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Daniel011's avatar

What type of physics do you find most interesting today and in the future?

Asked by Daniel011 (77 points ) February 3rd, 2013

Astrophysics
Biophysics
Geophysics
Particle Physics
?

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14 Answers

filmfann's avatar

I have always loved Astrophysics, but the future is in Particle Physics. They are now developing atom sized gears…

Yetanotheruser's avatar

Quantum physics, because it deals in probability and raises the question (at least for me) of objective reality vs subjective reality.

talljasperman's avatar

Meta-Physics, and Experimental Physics, Because I love to wonder what if.

Pachy's avatar

I’m with @Yetanotheruser. Quantum physics posits the possiblity of im travel, right?

CWOTUS's avatar

All of it.

I don’t know where nanotechnology fits into the scheme of those listed, because it’s not “particle physics”, although it deals with physics at the particle level. That has the promise of whole new classes of materials and machines.

Quantum and particle physics could help to discover new elements, or fascinating new uses for those that are already known.

Geophysics could help us to tap the heat coming from the center of the planet as an energy source for providing heat where it’s needed on the surface, including for electric power generation.

Paradox25's avatar

I’d like to see the concept of exotic matter, particles which would have a negative mass, come to light. I feel that most of our power generating problems would cease to exist if we discovered how to utilize negative mass particles. There is not much evidence that negative mass matter exists, but theoretically according to physics they could exist. This discovery would be important since the different properties of positive and negative mass particles colliding with each other would produce a unique energy gain without violating any laws of physics.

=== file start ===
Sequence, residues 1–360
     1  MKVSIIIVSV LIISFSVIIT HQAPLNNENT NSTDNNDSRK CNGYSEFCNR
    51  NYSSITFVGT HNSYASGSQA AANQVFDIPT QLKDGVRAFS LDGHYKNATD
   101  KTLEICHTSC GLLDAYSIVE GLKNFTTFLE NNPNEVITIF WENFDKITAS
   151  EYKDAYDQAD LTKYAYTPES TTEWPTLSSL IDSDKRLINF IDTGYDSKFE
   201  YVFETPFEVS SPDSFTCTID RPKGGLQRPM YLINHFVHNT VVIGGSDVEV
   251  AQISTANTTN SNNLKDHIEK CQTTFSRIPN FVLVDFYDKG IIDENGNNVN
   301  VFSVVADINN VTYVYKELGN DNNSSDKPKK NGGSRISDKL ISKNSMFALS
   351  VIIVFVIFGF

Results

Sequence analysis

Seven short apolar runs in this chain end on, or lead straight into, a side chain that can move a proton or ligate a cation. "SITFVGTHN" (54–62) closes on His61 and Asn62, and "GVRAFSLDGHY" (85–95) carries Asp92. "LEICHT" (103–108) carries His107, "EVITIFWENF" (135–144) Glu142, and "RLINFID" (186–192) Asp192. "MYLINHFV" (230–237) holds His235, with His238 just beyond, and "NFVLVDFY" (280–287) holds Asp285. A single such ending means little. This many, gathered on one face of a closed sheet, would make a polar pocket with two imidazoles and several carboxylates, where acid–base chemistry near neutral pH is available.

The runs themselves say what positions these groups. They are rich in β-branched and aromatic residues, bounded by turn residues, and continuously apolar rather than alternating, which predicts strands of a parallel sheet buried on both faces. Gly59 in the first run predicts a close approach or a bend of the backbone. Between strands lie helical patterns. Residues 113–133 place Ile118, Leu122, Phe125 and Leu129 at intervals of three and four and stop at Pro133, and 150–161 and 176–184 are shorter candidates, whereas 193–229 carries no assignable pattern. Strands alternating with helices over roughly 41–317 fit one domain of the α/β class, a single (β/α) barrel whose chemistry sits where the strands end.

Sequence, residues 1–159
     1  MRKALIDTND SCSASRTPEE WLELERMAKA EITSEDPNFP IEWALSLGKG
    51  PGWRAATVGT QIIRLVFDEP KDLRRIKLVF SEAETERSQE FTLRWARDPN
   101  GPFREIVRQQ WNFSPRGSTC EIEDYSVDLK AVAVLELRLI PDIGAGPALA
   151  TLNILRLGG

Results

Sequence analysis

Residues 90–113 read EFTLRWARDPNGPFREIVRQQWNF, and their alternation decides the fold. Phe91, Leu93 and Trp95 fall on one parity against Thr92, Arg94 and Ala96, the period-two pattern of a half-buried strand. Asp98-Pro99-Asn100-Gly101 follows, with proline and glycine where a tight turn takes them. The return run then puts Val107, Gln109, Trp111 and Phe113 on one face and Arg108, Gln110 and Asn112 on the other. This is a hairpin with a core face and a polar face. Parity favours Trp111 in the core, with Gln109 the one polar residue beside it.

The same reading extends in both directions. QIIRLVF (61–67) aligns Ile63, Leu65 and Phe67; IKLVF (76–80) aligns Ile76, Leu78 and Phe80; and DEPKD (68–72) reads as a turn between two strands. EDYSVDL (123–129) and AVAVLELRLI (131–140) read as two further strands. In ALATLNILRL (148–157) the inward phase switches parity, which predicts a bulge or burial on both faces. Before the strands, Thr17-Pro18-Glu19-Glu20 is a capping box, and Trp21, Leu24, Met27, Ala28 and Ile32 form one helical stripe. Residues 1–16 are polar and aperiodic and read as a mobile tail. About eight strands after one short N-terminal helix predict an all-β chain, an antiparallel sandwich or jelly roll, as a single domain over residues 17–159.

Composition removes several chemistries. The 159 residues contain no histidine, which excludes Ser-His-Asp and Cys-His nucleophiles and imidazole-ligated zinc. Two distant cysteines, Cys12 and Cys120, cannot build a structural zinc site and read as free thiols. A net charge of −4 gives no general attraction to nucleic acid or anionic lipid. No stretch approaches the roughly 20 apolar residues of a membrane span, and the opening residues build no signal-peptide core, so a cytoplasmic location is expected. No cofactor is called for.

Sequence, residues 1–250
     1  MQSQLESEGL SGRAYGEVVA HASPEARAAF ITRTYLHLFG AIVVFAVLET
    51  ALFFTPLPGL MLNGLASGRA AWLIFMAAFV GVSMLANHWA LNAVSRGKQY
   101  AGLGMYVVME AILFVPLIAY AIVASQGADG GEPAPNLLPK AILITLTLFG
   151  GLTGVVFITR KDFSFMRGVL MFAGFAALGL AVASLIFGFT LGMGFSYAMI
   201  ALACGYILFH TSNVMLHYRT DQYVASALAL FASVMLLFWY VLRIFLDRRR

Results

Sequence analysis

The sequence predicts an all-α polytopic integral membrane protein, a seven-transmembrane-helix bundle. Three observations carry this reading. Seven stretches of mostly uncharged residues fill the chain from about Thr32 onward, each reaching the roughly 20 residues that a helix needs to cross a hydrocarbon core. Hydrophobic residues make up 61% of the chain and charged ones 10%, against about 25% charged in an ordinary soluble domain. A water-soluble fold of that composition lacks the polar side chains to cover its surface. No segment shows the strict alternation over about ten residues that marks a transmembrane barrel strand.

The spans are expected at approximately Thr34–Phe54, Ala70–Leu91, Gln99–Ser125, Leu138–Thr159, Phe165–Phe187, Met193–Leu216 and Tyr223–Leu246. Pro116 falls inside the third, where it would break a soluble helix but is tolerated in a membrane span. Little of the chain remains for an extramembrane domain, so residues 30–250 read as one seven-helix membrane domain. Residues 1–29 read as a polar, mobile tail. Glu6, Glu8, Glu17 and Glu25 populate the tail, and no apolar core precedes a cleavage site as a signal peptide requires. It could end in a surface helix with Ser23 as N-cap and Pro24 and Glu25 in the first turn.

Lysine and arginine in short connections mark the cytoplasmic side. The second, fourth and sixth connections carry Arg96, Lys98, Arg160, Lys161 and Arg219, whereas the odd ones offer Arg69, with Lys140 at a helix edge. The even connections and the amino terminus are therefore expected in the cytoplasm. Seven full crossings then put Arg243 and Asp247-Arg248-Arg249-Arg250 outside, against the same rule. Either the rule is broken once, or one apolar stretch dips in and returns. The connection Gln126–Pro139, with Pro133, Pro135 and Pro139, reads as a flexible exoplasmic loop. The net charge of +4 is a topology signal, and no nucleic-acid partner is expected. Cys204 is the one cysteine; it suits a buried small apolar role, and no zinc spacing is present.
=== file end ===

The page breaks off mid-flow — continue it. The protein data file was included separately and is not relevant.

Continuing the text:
There is a fringe element in physics which speculates that what is known as dark energy/matter is really subquantum particles made up of positive and negative mass. It has been speculated that the energy gain created from these subquantum particles is what is causing the universe to expand faster rather than slowing down from the initial quantum fluctuation starting the ‘big bang’. There are some respected names in science within this group. Current relativity theories oppose the concept of a background medium existing.

ETpro's avatar

I think I would find quantum physics most interesting, but I dare not measure to find out, as I do not want to collapse my waveform and get stuck in any single state.

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LostInParadise's avatar

Biophysics. I think that biology in general is going to be producing incredible results. It has recently been found that photosynthesis depends on quantum mechahics That gives a good argument agains those who claim that quantum events are too small to affect the chemistry involved in consciousness. That does not mean it is necessarily so, but it opens up some interesting possibilities.

mattbrowne's avatar

All of the above. The search for the nature of dark matter and dark energy is particularly interesting.

Seek's avatar

I’m fascinated by all of it, even though my brain can’t process the maths necessary to fully understand it. I settle for layman’s explanations, and “ooh” and “aah” at the implications. Science is cool.

flutherother's avatar

Cosmology and astrophysics are the most interesting. The physics of black holes will someday lead to a unification of quantum theory with relativity.

The Human Brain Project is an attempt to simulate the human mind in a super computer. It is very ambitious but has European Commission funding. It should give us new insights into how the brain works as well as teaching us how to build better computers.

Yetanotheruser's avatar

@flutherother maybe it will lead us to the singularity

HolographicUniverse's avatar

Qualitative, quantum and particle

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